Bennett and Sinatra pay homage to one anotherNEW YORK - Frank Sinatra used to call Tony Bennett “the best singer in the business,’’ and Bennett returned the favor at a loving tribute to Ol’ Blue Eyes, calling Sinatra “my best friend’’ and performing a couple of his most loved numbers.
“He changed my whole career,’’ the 88-year-old Bennett said of Sinatra at the Tribeca Film Festival tribute on Tuesday night, part of a yearlong Sinatra centennial celebration that also included a screening of the digitally restored Sinatra-Gene Kelly favorite - and love letter to New York - “On the Town.’’
“He told everyone I was his favorite singer, and I’ve been sold out ever since,’’ Bennett said to cheers. His renditions of “I’ve Got the World on a String’’ and “In the Wee Small Hours of the Morning’’ were the emotional highlights of an evening that also featured performances by dancer Savion Glover and singers Alice Smith, Killers frontman Brandon Flowers, Ne-Yo and Lea DeLaria.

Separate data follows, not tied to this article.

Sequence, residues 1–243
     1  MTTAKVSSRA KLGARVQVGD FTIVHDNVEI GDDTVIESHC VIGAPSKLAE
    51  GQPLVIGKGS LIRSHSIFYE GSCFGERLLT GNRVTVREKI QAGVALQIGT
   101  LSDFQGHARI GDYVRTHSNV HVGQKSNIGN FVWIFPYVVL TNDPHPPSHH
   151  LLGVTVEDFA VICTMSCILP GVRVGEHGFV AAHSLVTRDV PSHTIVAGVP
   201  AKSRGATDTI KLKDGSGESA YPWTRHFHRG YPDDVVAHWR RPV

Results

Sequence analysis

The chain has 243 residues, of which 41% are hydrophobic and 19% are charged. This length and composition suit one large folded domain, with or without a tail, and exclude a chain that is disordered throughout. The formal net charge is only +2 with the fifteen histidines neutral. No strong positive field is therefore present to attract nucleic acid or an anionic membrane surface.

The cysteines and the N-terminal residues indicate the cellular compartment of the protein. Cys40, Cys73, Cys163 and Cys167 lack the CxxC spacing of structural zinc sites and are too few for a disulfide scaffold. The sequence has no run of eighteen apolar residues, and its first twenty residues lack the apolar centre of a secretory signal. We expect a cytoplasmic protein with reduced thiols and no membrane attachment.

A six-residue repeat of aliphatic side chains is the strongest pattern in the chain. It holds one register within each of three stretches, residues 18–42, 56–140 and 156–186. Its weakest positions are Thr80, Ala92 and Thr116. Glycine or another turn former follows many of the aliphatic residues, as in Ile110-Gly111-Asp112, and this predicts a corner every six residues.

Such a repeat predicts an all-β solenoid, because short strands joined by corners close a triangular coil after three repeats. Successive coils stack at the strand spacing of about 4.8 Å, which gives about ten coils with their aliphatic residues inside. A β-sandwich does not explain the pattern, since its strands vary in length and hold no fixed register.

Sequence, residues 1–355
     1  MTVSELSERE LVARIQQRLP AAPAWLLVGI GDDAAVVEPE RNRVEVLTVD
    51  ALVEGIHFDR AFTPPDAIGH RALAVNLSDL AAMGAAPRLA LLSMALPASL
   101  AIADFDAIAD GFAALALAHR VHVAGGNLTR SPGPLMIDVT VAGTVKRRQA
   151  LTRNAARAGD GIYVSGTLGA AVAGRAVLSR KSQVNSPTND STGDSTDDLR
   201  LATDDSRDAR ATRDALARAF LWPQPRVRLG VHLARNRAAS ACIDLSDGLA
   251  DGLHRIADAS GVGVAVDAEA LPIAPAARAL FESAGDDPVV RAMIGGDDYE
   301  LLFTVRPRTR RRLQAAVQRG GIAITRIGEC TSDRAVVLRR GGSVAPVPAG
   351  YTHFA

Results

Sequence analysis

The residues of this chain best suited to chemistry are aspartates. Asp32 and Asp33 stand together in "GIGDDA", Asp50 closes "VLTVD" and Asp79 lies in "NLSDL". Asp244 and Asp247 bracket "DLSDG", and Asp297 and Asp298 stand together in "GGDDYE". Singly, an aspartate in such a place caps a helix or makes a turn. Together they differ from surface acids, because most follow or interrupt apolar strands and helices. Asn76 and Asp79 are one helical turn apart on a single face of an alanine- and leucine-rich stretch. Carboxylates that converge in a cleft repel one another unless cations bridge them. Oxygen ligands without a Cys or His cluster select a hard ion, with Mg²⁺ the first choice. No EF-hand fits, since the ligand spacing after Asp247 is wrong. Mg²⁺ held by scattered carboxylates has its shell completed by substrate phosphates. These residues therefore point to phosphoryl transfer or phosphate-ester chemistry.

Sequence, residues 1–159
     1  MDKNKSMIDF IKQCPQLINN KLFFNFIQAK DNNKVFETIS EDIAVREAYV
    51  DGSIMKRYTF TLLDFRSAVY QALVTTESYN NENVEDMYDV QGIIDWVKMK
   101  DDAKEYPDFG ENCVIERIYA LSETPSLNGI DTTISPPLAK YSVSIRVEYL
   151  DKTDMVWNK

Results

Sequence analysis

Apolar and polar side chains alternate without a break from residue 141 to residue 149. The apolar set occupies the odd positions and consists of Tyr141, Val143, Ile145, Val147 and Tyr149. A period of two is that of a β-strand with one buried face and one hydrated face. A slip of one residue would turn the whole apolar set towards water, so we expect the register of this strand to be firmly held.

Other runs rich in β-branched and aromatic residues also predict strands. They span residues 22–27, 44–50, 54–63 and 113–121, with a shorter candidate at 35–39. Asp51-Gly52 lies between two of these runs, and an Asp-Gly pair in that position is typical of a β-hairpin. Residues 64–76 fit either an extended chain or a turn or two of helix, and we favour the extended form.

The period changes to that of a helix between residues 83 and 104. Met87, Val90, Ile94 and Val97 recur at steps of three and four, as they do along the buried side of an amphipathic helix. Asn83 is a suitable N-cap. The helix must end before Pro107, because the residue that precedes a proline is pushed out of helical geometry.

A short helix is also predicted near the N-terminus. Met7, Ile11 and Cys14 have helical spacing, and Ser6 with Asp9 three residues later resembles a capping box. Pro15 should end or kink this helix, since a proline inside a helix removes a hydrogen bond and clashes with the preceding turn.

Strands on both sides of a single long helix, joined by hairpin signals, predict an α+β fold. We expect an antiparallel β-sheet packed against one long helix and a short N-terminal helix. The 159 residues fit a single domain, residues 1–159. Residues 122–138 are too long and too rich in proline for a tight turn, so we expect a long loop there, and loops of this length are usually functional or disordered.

But first there was “On the Town,’’ the 1949 classic musical about three sailors on shore leave in the Big Apple, with only 24 hours to see the sights and find other, er, recreation. Directed by Kelly and Stanley Donen, the film was adapted from the 1944 Broadway show and starred, along with Kelly and Sinatra, Betty Garrett and a tap-dancing Ann Miller. Kelly played the lovestruck Gabey, who spends day and night searching for the subway queen-of-the-month Miss Turnstiles, and Sinatra played Chip, who hooks up with a highly amorous taxi driver.
DeLaria, who stars in “Orange is the New Black,’’ launched the musical portion of the show with “Luck Be a Lady.’’ Between numbers, she shared observations on Sinatra, including the anecdote that he was initially very uncomfortable learning to dance - hard as it is to imagine the silky crooner uncomfortable with anything - but was helped along by a patient Kelly. AP